Seppy quibbled with that, telling Just the News the district uses a “lite edition” that he believes needs “alteration.” For example, he would keep out the 1619 Project curriculum but accept “something akin to it” on the ills of slavery, as long as the teaching is “objective.”
His history curriculum in school was “well balanced,” but he also benefited from teachers whose lessons were “secular in a certain sense from the nature of politics,” not promoting an ideological agenda. “I don’t want to obliterate multiculturalism in schools.”
Asked if he was sanguine about the newly constituted school board adopting his agenda, Seppy agreed “in a moderate sense.” With the reelection of the “very wise” veteran Barbara Szilagyi and incoming “concerned mother” Regina Bongiorno, this is “a board that listens to parents.”
Foreign-born population soars to new record under Biden; highest rate of immigrants since 1910
The U.S. has had a massive surge in immigration this year, with as many as 1.5 million newcomers and a record 46.2 million foreign-born people, according to a report for the Center for Immigration Studies.
After a deep trough last year, likely because of the COVID-19 pandemic and the travel and migration restrictions imposed to control the spread, the flow of people rebounded around the time President Biden was elected.
In numbers never seen before, they are coming legally through airports and land border crossings and illegally across the Rio Grande and remote regions of Arizona and California.
“There was pent-up demand for legal immigration, and illegal immigration has exploded in one of the greatest surges, if not the greatest, we’ve ever seen,” said Steven A. Camarota, the demographer who was the chief author of the report. “It’s driving the numbers up and up and up.”
As it stands, 14.2% of the U.S. population is foreign-born, or 1 out of every 7 people. That is the highest rate of immigrants in the population since 1910, when the number was 14.7%. At current trends, the government says, the U.S. will break that record well before the end of this decade.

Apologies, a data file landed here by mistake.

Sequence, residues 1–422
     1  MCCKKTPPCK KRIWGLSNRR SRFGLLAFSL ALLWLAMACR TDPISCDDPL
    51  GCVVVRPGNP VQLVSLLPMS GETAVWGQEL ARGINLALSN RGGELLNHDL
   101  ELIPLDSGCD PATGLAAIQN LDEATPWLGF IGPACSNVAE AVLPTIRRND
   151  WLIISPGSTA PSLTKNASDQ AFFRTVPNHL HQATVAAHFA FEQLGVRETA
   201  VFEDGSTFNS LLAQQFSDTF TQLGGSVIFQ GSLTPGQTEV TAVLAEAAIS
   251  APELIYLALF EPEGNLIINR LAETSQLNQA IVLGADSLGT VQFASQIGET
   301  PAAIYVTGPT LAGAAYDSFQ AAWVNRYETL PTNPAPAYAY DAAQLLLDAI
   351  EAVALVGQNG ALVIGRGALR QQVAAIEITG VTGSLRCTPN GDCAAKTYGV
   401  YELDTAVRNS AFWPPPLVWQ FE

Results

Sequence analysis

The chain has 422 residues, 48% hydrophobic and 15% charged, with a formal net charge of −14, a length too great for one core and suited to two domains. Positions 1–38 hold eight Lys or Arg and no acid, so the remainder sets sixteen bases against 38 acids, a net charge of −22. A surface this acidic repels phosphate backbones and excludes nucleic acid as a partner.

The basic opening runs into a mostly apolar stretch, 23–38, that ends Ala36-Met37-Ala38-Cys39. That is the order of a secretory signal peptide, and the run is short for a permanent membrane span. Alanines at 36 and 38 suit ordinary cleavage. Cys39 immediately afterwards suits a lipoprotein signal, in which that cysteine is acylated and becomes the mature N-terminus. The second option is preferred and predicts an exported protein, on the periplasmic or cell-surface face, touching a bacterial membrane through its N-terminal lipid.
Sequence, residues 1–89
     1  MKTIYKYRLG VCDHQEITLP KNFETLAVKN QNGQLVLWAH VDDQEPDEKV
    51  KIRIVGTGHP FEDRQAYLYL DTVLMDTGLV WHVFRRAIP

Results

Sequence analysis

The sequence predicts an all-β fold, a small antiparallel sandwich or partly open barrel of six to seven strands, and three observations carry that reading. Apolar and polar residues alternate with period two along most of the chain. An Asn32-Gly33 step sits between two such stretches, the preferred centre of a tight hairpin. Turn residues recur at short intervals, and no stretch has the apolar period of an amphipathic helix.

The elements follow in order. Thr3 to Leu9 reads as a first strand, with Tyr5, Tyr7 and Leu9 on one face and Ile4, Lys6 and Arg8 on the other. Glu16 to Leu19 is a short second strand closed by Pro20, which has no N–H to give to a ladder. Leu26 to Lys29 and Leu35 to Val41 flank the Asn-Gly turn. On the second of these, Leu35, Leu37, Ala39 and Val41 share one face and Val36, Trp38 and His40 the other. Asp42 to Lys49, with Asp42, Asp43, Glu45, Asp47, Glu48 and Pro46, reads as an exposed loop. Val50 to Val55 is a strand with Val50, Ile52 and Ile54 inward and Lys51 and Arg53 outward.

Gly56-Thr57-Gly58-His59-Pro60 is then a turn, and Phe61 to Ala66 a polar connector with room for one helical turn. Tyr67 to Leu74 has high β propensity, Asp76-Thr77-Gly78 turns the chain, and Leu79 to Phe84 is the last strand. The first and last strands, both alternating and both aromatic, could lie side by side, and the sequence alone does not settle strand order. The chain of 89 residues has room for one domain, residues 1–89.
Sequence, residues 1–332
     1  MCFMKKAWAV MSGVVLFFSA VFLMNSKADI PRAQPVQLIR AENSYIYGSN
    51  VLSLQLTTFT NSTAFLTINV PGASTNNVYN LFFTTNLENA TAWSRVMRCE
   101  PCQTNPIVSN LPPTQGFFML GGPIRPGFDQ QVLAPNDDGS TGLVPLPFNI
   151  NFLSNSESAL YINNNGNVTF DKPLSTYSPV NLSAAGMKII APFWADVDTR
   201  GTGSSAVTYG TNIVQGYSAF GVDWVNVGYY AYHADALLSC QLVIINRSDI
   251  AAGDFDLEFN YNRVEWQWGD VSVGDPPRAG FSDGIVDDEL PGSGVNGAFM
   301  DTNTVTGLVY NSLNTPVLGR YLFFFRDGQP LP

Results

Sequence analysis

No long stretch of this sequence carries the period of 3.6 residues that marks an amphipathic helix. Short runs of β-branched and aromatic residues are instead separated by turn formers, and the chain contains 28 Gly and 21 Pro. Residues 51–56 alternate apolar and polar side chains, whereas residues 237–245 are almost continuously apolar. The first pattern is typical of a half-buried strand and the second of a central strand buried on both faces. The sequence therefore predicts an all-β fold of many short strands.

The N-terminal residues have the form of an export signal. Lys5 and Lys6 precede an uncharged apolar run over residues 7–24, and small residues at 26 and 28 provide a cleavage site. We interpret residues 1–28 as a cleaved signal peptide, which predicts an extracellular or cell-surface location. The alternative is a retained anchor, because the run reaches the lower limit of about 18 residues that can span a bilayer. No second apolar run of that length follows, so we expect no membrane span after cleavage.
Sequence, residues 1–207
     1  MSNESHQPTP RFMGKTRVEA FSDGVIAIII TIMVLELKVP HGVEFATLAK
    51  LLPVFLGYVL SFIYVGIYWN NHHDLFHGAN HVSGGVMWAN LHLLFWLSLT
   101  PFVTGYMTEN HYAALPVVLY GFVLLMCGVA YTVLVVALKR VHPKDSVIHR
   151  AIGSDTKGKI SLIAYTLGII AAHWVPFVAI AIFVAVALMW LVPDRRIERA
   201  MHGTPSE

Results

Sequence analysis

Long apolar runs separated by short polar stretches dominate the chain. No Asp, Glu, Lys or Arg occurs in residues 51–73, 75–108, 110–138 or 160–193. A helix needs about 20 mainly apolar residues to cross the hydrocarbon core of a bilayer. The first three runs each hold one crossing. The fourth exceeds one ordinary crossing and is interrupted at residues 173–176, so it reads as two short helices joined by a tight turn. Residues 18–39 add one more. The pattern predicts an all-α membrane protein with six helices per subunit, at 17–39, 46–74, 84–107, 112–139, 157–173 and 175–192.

Those numbers are even starker given the reversal of trends.
The data showed a drop of 1.2 million immigrants from February to September 2020, likely the result of coronavirus restrictions blocking new entrants, even as outmigration continued. That left the population of the foreign-born — the Census Bureau’s term — at 43.8 million.
It was up to 45 million by January and marched steadily to the current 46.2 million total shown for last month.
In the year after President Trump’s election, the immigrant population flattened.
Mashup: MSM worst moments of 2021
Salvation Army’s Internal Survey Suggests Only Whites Are Racist
“I Took The Salvation Army’s Internal Survey On ‘Racism’ Within The Organization. Here’s What I Discovered.”
The Salvation Army has recently come under significant fire for asking white donors to “offer a sincere apology” for racism. The nearly 150-year old organization created a curriculum entitled “Let’s Talk About Racism” and shared it with its members, along with associated DEI Trainings that cite and draw from Robin DiAngelo and Ibram X. Kendi’s work. The packet argues that Christians should “stop trying to be ‘colorblind’” and that they should apologize for being “antagonistic.. to black people or the culture, values and interests of the black community.” In response, donors by the thousands have vowed not to donate until the organization reverses their stance.
The Salvation Army has denied any wrongdoing, defiantly calling the allegations that they have gone woke “false.” While they admit that the topic of race in America can be fraught with controversy, they have denied they have “gone woke.” Much of their denial centers around their claim that use of the guide was completely voluntary, and that they are not peddling critical race narratives in their organization.
I obtained a copy of The Salvation Army’s internal survey on “racism within the Salvation Army” and tested that claim.